After picking up basics from Barry Harris’ class—and I wish I had picked up way more than I did!—I found other teachers who helped me. Tony Aless, who’s in the category of one-of-the-great-jazz-pianists-whom-you’ve-hever-heard-of is was among them.
I categorise him as such because he did record with Charlie Parker. That’s not something all musicians have on their CV.
The thing with Tony was he had a system he taught—without deviation, the same exact stuff—to all of his students. So, there’s a contradiction brewing here.
On the one hand I believe that experience and the lessons we draw from it are the best way forward. On the other hand, lurking in my background is the idea of common knowledge such as Tony wanted to impart to all of his student, each and every one of them.
Common knowledge is also what Barry Harris leads his students through. Although to say the knowledge Barry Harris imparts is common is somehow amiss and just wrong. Maybe the better way to say it is Barry Harris imparts knowledge that should be common.
And, to be clear, the DVD sets Barry Harris released—there are two of them in which he works directly withs students—are much better than superb. Categorise them as essential.
Improvisation, learning, creating, creativity
Among things we’ll explore at Finchcocks and Jackdaw are, well, I call them simple concepts. However, they’re simple .ostensibly. That’s because with a very few simple concepts we can learn how to scale ideas from a small example to solutions that cover a lot of territory.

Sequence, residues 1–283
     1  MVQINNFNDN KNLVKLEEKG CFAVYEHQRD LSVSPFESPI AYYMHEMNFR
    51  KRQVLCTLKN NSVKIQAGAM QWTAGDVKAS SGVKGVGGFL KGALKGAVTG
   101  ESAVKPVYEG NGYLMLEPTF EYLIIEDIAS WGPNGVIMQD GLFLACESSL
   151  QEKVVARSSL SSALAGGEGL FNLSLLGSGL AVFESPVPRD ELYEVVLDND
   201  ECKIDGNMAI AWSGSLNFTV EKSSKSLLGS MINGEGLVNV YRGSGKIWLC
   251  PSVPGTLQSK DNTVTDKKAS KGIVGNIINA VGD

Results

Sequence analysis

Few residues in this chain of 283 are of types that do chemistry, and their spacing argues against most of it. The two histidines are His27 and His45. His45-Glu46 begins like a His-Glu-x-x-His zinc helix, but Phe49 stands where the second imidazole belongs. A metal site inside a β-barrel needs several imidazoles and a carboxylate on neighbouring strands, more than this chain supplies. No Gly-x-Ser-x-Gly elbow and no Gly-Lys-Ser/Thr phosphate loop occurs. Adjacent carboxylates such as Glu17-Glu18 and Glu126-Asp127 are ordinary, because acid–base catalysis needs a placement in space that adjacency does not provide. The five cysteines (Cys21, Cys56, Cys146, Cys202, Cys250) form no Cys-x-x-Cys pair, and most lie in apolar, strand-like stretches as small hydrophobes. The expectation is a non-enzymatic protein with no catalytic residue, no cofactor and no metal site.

Get out the music to Eleanor Rigby or play it by ear.
Eleanor Rigby is a superb lesson on how to create something profound and compelling from just a simple scale fragment or two. Norwegian Wood, also by the Beatles, is in the same category.
We can look and listen to those two tunes and marvel at how much can be expressed through very few notes. Of course, we can do the same with music by Haydn, Mozart, and Beethoven, and, for that matter, the entire western art music tradition.
So. techniques that we use to transform simple excerpts into larger lessons about improvisation—THAT is a huge part of what we’ll do in both courses.
Two sentences I received in an email from Harold Danko, the former chair of the jazz program at the Eastman School of Music, are:
We don’t learn to improvise. We improvise to learn.
I’ved been writing mostly about communal, collaborative learning and also how to transform direct experience into lessons. Both of those things will feature in the both courses.
But, in both courses I’ll also work individually with whomever might want that particular option—please feel free to request that as you’d like.
Meanwhile and as per Harold: we improvise to learn.